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Legislative Committee Hears That Lives Will Be Shortened Over Deeper Medicaid Cuts

NBC Montana
montana legislature

The Children, Families, Health and Human Services interim committee spent the day at the Capitol Building in Helena yesterday hearing from nearly a hundred witnesses who, over and over again, raised the cry that deeper Medicaid cuts for patient services would lead to increased deaths throughout the state.

Senator Albert Olszewski heard all the testimony, and told KGVO News that the opposition to Governor Steve Bullock’s plan to cut funding still further became stronger throughout the day.

“What we saw was overwhelming opposition to the Governor’s proposal to have the three and a half to five percent reductions in provider payment rates for Medicaid services,” Olszewski said. “We had a little over two and a half hours of testimony from people who were allowed to speak between a minute and a half and two minutes. There were two full meeting rooms and we had to switch out people after an hour and it looked like we had about 90 people who spoke in opposition. No one spoke in favor of the Governor’s reductions.”

Olszewski said that one state representative voiced the majority view that the responsibility for the crisis in Medicaid service provider payments should be laid at the feet of Governor Bullock.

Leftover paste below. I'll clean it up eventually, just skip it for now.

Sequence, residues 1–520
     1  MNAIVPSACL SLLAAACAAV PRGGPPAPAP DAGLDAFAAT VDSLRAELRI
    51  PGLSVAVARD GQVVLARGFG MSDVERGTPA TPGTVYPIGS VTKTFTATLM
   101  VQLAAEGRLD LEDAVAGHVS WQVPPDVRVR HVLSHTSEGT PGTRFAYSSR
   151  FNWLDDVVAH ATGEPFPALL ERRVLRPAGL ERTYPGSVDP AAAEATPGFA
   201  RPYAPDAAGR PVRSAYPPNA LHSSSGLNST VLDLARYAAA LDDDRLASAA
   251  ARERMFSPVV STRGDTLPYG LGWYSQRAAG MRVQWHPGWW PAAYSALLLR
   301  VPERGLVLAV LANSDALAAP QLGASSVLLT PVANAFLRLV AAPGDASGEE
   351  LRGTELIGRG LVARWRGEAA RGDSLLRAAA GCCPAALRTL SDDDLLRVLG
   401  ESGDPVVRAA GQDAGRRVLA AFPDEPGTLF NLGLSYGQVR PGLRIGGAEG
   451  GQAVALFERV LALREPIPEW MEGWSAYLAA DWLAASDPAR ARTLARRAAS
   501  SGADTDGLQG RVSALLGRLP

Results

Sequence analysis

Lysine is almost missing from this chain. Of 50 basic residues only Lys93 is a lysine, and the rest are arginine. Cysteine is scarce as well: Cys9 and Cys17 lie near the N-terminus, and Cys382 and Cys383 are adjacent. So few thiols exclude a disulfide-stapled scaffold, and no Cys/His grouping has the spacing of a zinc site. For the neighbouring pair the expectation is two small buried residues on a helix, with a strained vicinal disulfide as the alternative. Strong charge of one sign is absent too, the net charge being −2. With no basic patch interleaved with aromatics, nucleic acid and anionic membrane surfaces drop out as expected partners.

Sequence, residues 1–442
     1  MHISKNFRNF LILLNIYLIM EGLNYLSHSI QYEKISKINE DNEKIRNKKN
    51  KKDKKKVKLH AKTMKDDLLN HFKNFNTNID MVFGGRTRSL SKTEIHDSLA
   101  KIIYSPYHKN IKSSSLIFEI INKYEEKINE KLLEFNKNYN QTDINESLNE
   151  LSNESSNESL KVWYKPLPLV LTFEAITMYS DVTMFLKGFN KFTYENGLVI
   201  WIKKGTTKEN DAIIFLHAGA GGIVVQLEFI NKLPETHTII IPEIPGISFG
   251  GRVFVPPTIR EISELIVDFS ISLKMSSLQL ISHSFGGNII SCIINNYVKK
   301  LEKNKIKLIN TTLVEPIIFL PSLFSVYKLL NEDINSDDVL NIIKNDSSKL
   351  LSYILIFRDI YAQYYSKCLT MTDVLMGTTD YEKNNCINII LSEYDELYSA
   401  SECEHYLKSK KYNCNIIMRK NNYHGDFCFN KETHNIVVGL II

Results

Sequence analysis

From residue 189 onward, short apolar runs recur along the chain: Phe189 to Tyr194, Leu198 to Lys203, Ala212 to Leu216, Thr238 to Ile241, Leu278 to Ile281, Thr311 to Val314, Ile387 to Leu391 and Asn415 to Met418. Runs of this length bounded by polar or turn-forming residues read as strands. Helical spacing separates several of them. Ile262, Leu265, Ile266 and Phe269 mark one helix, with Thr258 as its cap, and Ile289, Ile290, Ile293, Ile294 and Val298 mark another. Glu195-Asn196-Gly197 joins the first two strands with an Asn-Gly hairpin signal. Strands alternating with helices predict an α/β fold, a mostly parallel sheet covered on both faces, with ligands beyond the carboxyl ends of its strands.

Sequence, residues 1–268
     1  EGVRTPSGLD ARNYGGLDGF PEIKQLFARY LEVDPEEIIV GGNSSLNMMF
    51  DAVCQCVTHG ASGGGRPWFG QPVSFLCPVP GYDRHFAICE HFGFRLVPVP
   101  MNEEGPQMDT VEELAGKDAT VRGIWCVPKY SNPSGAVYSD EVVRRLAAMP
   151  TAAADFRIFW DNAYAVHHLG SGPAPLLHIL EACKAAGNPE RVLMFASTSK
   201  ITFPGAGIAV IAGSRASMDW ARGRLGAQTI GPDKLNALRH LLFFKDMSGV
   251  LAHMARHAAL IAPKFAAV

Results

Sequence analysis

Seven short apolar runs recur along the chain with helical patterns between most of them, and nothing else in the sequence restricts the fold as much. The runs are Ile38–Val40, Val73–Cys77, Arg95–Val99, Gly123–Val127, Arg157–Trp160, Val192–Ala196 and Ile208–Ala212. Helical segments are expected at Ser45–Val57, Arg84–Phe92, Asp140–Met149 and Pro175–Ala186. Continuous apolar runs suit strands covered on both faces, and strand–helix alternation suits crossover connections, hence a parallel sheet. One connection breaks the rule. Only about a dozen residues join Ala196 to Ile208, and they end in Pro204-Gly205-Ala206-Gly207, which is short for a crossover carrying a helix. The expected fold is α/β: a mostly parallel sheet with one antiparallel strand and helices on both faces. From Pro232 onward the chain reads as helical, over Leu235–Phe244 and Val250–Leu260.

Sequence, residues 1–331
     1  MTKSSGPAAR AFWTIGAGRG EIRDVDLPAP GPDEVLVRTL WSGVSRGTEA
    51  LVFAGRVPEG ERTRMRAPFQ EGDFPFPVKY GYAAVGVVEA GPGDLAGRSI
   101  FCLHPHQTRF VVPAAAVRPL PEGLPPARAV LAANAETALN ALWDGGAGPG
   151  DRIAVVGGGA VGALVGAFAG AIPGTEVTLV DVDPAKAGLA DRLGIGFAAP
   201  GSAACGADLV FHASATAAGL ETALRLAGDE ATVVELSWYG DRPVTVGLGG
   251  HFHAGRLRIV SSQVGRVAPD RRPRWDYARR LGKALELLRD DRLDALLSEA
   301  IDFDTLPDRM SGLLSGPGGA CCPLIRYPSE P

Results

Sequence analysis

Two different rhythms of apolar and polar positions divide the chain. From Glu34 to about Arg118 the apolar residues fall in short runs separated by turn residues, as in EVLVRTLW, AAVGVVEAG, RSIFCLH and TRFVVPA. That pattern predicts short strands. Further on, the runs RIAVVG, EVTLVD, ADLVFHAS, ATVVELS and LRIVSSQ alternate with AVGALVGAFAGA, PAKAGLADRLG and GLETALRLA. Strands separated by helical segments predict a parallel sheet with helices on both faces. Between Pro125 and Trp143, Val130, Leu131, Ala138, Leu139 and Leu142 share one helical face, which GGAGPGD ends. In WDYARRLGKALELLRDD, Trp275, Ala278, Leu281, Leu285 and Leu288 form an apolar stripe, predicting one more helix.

“I think that Representative Jon Kanoke made it very clear that since the tenure of Governor Bullock we’ve seen that spending in the budget has increased on average of 18 percent per year over the last six years,” Olszewski said. “But, in that same time, revenue has only gone up six percent per year. As a result, we’re now spending ourselves into a deficit, because we’re spending more than we’re receiving.”

Olszewski said the committee agreed to file a letter of formal objection to the Governor’s mandated cuts to providers.

“What that means is, at our next meeting on November 17th, the entire interim committee will have a serious discussion about whether or not we can proceed with a formal objection,” he said. “In my opinion, we are within our legal authority to do so because the executive branch is going against the legislative intent of Senate Bill 261 which clearly stated we could only drop provider rates by a total of one and one-half percent.”

The Department of Public Health and Human Services proposed the cuts after the Legislature reduced its budget by about $8.6 million. The total cut, including the loss of federal matching funds, would be $26 million.

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